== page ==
The Society of the Spectacle(s)

Ended up going to see Orbital last night – some nice throwback tunes in the rather odd, but acoustically brilliant Royal Albert Hall. The gig was good, but as is normal with this sort of ‘live’ electronic stuff, there’s not a lot to look at musically, and with the beats going around my mind starting turning too.

It was a ‘spectacle’, I suppose… there were huge sounds, and (perhaps as a compensation for the limited activity on stage) lots of big visuals too. And it got me thinking about Guy Debord’s thesis of ‘The Society of the Spectacle:

Debord traces the development of a modern society in which authentic social life has been replaced with its representation: “All that was once directly lived has become mere representation.” Debord argues that the history of social life can be understood as “the decline of being into having, and having into merely appearing.”

The spectacle is the inverted image of society in which relations between commodities have supplanted relations between people, in which “passive identification with the spectacle supplants genuine activity”. “The spectacle is not a collection of images,” Debord writes, “rather, it is a social relationship between people that is mediated by images.”

He wrote this in 1967.

What struck me last night was just how prescient some of this was, especially with the advent of digital social media, and the ubiquity of mobile devices with cameras. As the guy I went with quipped last night as the gig began: ‘so glad I’ve got my phone, I really wanted to experience this through the grainy image of a 3″ LCD screen…’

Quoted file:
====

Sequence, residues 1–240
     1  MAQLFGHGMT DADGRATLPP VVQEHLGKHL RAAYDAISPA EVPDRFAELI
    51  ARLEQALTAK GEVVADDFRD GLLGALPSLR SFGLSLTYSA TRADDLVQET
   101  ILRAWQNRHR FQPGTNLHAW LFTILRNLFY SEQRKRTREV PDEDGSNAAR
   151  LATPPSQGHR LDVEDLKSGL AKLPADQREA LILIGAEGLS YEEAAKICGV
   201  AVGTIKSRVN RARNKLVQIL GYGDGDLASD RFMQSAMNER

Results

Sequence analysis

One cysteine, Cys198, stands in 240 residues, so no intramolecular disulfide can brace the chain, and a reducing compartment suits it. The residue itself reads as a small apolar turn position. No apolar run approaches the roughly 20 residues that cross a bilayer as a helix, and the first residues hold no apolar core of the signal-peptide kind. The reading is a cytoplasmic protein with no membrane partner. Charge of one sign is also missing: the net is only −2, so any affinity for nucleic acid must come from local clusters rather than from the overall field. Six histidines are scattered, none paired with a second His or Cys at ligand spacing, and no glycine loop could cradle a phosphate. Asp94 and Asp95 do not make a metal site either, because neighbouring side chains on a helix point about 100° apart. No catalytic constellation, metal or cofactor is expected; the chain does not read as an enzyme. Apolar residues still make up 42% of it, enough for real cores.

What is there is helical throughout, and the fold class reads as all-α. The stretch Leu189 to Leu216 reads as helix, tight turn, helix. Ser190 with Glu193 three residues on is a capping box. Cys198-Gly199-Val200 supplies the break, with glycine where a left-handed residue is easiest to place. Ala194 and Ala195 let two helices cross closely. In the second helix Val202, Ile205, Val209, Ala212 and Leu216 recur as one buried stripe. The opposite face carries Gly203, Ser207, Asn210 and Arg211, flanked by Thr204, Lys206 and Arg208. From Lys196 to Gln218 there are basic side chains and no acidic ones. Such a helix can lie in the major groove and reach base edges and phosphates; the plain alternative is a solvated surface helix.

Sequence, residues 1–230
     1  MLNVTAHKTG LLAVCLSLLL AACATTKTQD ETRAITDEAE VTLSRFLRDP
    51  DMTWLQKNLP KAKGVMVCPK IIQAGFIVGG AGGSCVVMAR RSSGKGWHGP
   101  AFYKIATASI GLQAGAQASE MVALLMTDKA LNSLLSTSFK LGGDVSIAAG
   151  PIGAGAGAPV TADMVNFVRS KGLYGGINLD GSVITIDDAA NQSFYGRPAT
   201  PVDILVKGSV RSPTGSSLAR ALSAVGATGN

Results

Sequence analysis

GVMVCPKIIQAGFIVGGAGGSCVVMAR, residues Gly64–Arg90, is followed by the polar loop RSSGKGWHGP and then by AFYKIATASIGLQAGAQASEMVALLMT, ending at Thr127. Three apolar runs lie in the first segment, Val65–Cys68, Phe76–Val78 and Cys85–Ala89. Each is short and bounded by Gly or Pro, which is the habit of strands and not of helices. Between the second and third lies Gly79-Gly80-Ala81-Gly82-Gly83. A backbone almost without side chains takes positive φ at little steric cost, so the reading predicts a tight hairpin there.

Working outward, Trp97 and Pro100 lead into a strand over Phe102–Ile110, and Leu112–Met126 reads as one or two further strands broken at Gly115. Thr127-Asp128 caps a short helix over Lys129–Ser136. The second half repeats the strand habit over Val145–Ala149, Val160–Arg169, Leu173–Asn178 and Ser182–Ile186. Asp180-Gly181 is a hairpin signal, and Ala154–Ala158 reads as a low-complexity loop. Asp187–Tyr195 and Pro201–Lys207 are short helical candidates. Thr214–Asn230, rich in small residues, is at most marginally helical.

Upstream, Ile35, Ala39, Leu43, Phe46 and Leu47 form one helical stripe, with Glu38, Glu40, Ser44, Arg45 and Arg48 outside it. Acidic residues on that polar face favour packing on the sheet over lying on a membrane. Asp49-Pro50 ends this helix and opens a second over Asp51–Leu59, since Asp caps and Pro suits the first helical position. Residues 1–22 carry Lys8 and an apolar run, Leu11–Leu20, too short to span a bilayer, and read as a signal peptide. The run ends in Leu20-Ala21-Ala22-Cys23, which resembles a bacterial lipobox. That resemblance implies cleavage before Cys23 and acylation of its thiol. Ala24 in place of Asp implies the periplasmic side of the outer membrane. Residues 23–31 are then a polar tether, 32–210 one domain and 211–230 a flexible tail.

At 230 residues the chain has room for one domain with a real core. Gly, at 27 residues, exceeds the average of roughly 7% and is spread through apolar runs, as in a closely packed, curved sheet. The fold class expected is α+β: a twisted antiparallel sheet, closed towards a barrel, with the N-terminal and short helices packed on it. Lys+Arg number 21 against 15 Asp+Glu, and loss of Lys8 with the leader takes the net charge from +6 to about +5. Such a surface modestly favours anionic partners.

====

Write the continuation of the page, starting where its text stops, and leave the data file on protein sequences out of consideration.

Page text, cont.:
It just brought a phrase to my mind: we’re not so much in the society of the spectacle, but the society of the spectacles: everything mediated through a lens, through a screen of some kind. “The spectacle is not a collection of images, rather, it is a social relationship between people that is mediated by images.” That, it seems to me, is a pretty perfect description of what was happening last night, and, in a way, there was something troubling about it because, to quote Debord again, what we had was “passive identification with the spectacle supplanting genuine activity.”

And yet there was a sense that people wanted more than that. That they genuinely wanted to break through into activity, but the layers upon layers of mediation made that hard to do, especially after so long.

I loved the gig, and had a really great night, but it made me yearn for something more raw. For people with instruments and amps, and nothing else. For craft and meaning, sweat and passion. And no screens. No mobiles. No grainy footage. Just people wanting to be somewhere, not worrying about how they can tell other people what a great time they had…when really they weren’t there at all, but watching from behind a glass.


2 responses to “The Society of the Spectacle(s)”

  1. Your friend needs a better phone. 🙂

    Re: the last paragraph: Yes! Yes! Yes! So much of live music with real instruments sounds and feels like it is drowning in a custard sea of loops and pre-recorded instruments.

  2. Funnily enough, he’s got rid of his iPhone and returned to a no-frills, budget handset that just makes calls. *Like*

    And yes – keep it live!